Pharmacological treatment forms part of much routine psychiatric practice. Many psychotropic drugs
and psychotherapies are available for treating patients with mental disorders, but considerable numbers of individuals
remain troubled by incapacitating symptoms even after a succession of evidence-based treatments. In this
situation, many doctors consider prescribing a psychotropic medication outside the narrow terms of its market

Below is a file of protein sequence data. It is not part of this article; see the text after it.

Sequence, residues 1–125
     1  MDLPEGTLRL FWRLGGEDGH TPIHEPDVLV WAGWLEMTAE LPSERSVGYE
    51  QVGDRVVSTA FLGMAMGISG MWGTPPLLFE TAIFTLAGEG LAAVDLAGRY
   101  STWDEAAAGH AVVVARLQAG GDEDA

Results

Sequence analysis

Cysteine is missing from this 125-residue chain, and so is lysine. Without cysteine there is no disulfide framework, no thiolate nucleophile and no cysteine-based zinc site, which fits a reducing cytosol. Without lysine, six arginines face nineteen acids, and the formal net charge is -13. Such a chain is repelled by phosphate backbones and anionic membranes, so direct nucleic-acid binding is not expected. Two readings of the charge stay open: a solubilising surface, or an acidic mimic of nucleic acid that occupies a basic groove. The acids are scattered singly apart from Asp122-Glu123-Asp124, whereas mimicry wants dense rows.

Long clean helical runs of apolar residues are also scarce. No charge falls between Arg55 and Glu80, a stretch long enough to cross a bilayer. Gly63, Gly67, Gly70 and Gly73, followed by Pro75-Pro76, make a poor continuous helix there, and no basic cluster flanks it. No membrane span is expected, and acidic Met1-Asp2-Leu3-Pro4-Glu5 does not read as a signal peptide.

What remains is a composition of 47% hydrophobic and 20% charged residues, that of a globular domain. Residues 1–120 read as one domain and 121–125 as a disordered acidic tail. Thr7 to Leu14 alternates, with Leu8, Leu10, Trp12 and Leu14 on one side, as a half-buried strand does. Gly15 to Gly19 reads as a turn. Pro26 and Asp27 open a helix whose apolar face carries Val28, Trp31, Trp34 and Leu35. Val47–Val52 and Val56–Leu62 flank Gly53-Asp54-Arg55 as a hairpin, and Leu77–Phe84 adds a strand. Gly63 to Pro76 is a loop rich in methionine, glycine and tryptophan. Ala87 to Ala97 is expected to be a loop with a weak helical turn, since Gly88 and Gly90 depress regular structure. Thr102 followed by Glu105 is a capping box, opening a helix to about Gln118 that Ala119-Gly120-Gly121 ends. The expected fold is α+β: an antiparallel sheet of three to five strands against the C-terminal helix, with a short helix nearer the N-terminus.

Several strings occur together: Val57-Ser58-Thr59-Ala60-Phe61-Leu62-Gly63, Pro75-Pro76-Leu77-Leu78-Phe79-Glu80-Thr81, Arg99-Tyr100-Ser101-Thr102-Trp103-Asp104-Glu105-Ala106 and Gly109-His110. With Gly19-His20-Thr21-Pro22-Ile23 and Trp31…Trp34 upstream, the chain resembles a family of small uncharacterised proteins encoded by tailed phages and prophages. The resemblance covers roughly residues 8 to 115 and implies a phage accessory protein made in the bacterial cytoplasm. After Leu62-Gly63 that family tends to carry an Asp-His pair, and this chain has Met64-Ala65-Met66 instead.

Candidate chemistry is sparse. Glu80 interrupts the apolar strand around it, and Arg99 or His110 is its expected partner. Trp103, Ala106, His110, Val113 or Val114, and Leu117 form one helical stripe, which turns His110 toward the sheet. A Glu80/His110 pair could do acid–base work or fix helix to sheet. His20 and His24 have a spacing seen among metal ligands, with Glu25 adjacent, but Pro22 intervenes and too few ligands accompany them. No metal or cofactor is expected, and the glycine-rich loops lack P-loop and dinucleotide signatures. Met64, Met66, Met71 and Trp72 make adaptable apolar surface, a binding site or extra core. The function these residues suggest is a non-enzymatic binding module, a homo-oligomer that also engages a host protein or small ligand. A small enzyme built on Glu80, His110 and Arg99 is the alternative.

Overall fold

authorisation or ‘product licence’, in an attempt to optimise clinical outcomes and increase the chance of recovery.
Despite expressed concerns about potential hazards and increased physician liability, many authorities agree that
using a drug outside the narrow terms of its product licence can be an important part of clinical practice. This paper
illustrates the nature and extent of the use of licensed drugs for unlicensed applications in psychiatric and other medical settings, indicates
potential drawbacks and hazards, and makes recommendations for a suggested process when prescribing ‘off-label’, as an appropriate
part of the overall management of individual patients.